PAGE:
Did you know that the 9 Irish people who lived over 110 years were all women? More of us are living for longer than ever before and although healthy living helps, it’s not the only reason. The number exceeding the age, not of just 100, but of 110 is going to increase. Katherine Plunket who was the second longest living Irish woman, was born in 1820 and lived for almost 112 years, all the more impressive when you consider she was born almost two centuries ago when life expectancy was much lower than it is now, not to mention living through the Great Famine too.
Those living over 110 years are referred to as super-centenarians and apparently it won’t be long until we will be talking about people who have lived to over 115 years. The number of centenarians in Ireland will increase as so will the number of super-centenarians.
More people each year are turning the century too. Last year, 407 Irish people worldwide turned 100 and received the centanarian bounty. 626 Irish people worldwide aged over 101 or over received a commemorative coin, 355 of whom were Irish residents.
Kathleen Snavely died this year and is the oldest recorded Irish person to have lived. She lived in New York, emigrating there aged 19. She lived through two World Wars, the Great Depression, and 18 American presidents. She died in her 114th year and credited great genetics for her longevity. Research suggests that genetics and a healthy lifestyle play the biggest part in longevity of life.
What does this mean for us as a society if so many more of us are going to live until we are over 100? If retiring at 68, we might enjoy three or four decades of retirement. Yes, it means there will be more pressure on us to save for our retirement funds, we’ll have to plan for the financial aspect as well as the health aspect of our retirements with care being something we should all consider – not necessarily nursing home care at all, but needing some level of home help to assist us maintain our independent living.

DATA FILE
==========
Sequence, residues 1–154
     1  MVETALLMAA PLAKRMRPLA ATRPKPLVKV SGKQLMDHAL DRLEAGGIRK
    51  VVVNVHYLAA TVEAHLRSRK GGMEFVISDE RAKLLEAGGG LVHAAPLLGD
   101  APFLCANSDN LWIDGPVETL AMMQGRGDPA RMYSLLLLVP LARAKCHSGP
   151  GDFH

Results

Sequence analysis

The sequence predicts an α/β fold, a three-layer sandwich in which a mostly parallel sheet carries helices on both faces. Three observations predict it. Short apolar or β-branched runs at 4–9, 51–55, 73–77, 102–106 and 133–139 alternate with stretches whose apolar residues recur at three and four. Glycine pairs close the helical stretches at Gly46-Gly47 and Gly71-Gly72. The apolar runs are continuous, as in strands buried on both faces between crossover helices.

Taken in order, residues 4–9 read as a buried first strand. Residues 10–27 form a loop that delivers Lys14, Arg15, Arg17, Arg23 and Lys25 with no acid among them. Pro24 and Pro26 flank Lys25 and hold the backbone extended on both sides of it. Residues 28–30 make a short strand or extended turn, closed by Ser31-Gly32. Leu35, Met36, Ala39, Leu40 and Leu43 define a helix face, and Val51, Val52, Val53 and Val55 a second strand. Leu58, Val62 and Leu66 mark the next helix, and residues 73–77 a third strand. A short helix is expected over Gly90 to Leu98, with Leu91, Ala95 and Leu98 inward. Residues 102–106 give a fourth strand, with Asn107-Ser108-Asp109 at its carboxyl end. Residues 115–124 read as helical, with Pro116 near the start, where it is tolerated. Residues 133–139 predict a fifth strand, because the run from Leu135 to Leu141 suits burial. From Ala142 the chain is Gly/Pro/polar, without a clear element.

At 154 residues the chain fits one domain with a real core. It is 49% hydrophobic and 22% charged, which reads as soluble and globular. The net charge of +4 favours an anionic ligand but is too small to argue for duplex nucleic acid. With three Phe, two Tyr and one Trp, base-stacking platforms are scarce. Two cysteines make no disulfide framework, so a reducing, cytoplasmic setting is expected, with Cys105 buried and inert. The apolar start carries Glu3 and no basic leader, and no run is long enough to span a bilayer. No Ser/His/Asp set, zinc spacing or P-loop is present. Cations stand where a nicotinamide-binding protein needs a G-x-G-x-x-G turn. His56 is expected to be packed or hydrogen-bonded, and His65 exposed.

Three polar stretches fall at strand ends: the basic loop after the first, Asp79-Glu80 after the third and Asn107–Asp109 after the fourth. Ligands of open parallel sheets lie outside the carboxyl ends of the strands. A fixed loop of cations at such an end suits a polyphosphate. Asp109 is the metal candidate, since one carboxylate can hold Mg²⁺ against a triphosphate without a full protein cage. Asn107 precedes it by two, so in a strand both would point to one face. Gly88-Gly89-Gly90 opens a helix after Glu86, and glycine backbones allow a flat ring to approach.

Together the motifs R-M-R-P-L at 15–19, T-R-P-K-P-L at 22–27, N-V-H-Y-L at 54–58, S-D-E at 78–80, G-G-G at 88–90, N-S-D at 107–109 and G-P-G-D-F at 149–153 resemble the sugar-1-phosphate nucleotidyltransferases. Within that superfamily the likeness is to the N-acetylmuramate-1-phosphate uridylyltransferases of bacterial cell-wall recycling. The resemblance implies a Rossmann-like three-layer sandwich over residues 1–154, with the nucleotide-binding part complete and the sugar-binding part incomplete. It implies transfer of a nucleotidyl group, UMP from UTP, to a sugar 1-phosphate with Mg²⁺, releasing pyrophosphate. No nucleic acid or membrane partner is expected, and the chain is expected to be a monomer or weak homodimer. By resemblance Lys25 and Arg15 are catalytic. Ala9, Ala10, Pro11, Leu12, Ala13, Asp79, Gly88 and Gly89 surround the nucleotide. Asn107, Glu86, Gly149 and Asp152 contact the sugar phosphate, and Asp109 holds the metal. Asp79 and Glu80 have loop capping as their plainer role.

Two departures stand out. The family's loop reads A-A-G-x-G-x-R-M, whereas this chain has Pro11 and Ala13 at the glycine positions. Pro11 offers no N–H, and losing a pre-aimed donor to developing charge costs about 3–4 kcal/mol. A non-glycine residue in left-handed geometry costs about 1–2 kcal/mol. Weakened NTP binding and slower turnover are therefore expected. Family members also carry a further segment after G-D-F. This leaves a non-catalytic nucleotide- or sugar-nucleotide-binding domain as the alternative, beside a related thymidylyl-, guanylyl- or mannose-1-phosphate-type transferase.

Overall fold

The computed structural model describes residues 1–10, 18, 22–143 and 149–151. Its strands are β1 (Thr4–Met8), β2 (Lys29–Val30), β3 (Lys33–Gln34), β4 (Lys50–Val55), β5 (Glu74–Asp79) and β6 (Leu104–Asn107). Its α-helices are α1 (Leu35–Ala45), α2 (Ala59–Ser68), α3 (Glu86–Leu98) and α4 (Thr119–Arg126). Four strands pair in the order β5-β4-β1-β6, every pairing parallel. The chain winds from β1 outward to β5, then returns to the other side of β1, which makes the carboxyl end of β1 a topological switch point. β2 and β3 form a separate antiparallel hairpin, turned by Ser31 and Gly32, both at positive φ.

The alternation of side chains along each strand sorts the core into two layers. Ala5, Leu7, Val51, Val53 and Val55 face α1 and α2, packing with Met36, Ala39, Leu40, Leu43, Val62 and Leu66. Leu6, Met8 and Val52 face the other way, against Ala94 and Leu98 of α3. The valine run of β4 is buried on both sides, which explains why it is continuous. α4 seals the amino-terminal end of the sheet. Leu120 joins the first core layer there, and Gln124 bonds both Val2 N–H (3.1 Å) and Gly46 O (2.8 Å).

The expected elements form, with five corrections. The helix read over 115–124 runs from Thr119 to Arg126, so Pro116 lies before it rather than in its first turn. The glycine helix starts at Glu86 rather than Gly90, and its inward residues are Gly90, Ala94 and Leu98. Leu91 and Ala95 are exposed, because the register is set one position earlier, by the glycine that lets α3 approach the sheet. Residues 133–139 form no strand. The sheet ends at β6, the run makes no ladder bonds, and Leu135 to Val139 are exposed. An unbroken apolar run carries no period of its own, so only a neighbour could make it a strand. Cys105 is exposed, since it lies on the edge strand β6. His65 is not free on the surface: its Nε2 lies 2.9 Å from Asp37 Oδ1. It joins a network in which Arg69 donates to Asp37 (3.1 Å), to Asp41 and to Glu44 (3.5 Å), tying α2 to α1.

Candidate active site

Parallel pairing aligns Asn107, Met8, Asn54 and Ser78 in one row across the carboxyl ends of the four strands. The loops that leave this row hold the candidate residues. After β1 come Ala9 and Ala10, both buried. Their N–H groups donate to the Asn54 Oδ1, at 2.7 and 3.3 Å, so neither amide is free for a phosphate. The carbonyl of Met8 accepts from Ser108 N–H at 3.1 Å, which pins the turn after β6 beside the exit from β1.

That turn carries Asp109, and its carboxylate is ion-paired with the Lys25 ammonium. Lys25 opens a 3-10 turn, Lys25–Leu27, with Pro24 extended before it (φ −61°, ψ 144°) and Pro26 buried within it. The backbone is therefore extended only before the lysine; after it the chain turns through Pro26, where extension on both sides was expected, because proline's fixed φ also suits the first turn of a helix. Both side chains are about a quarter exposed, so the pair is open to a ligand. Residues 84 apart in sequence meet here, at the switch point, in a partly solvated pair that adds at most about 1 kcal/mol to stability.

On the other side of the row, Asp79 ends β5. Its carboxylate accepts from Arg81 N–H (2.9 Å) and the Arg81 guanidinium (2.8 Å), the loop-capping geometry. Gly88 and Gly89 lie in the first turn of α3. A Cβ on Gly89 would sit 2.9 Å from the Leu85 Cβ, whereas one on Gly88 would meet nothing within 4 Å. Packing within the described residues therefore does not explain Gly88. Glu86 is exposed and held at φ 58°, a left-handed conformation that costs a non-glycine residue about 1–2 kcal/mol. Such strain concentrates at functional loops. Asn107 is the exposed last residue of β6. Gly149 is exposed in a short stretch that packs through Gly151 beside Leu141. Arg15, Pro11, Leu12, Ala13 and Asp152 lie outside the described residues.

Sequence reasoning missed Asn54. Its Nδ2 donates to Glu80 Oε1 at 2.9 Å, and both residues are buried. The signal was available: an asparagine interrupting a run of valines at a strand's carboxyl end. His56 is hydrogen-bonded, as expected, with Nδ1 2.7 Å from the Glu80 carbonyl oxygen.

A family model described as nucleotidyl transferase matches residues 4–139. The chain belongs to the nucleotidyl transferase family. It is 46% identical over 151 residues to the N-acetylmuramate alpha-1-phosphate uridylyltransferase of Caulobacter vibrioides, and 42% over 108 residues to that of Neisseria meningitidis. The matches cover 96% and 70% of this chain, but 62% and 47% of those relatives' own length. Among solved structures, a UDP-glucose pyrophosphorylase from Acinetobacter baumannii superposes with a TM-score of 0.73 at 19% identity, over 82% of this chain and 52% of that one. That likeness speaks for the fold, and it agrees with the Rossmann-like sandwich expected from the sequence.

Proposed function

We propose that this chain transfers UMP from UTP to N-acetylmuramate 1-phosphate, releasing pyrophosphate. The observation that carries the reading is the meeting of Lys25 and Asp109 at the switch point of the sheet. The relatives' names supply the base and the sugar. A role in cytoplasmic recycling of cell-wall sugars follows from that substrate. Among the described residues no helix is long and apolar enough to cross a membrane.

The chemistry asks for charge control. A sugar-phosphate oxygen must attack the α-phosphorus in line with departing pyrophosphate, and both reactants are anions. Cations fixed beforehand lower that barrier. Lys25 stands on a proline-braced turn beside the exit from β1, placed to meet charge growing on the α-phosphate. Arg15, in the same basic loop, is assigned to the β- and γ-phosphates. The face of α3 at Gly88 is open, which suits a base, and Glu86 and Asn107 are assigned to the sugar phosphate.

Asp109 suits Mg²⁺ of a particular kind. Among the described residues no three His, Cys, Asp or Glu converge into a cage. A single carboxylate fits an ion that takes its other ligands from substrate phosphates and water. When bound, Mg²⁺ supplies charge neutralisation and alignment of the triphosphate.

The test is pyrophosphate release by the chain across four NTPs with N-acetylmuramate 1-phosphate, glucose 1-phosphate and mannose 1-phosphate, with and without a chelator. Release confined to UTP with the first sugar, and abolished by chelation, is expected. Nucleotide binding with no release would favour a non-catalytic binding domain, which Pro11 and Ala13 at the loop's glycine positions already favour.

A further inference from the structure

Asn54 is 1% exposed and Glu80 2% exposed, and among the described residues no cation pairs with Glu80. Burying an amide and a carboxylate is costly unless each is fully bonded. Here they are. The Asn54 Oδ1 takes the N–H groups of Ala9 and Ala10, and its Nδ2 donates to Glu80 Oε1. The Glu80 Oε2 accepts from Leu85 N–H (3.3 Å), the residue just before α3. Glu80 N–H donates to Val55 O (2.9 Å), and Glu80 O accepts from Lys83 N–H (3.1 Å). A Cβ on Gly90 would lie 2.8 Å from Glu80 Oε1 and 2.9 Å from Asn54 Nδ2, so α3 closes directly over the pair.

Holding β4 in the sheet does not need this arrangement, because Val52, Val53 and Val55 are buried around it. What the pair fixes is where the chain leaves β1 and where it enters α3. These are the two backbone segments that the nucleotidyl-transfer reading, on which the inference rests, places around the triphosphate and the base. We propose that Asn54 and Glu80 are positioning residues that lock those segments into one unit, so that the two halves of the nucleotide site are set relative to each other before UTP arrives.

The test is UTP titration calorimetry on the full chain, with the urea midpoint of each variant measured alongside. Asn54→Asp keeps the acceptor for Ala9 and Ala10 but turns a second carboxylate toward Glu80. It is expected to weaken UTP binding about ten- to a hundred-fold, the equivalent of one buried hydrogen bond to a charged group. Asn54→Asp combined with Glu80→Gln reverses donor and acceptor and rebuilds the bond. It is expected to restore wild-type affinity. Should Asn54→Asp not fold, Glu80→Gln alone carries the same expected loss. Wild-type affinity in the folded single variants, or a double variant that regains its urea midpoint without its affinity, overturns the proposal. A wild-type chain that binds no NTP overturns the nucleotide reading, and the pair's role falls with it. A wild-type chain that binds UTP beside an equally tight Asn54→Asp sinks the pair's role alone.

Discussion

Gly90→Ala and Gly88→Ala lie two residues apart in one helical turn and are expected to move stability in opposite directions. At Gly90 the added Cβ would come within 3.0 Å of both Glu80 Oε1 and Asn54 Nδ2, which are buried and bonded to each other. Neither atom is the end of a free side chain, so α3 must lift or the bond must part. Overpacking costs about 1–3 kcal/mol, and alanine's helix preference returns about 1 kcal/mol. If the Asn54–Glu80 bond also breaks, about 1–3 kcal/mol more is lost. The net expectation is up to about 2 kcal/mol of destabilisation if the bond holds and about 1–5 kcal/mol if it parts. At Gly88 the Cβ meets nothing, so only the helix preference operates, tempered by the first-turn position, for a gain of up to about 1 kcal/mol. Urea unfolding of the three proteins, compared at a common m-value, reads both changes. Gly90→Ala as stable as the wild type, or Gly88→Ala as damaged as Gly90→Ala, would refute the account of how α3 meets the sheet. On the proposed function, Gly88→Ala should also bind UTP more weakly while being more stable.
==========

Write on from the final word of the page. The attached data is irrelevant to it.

If you’re a regular reader of our Comfort Keepers blog, you’ll know that we are running a recruitment drive to employ more home carers as we’ve found that demands for excellent, professional home carers are increasing. More people are living longer. People prefer to stay living in their own homes, in their own communities, with their favourite things around them. In the past, it was expected that once people received a diagnosis of dementia, that they would be going into a nursing home quite quickly but many many people live happily and safely at home for years after a diagnosis – all they need is a little help from a home carer. Some people get an hourly visit every day, some get an hourly visit a couple of times a week, others might get two 30 or 45 minutes visits daily – it all depends on their needs at that particular time.
Home Care Vacancies
If you would like to work with older people, providing care, either as a full-time or part-time role, do check out our vacancies or get in touch.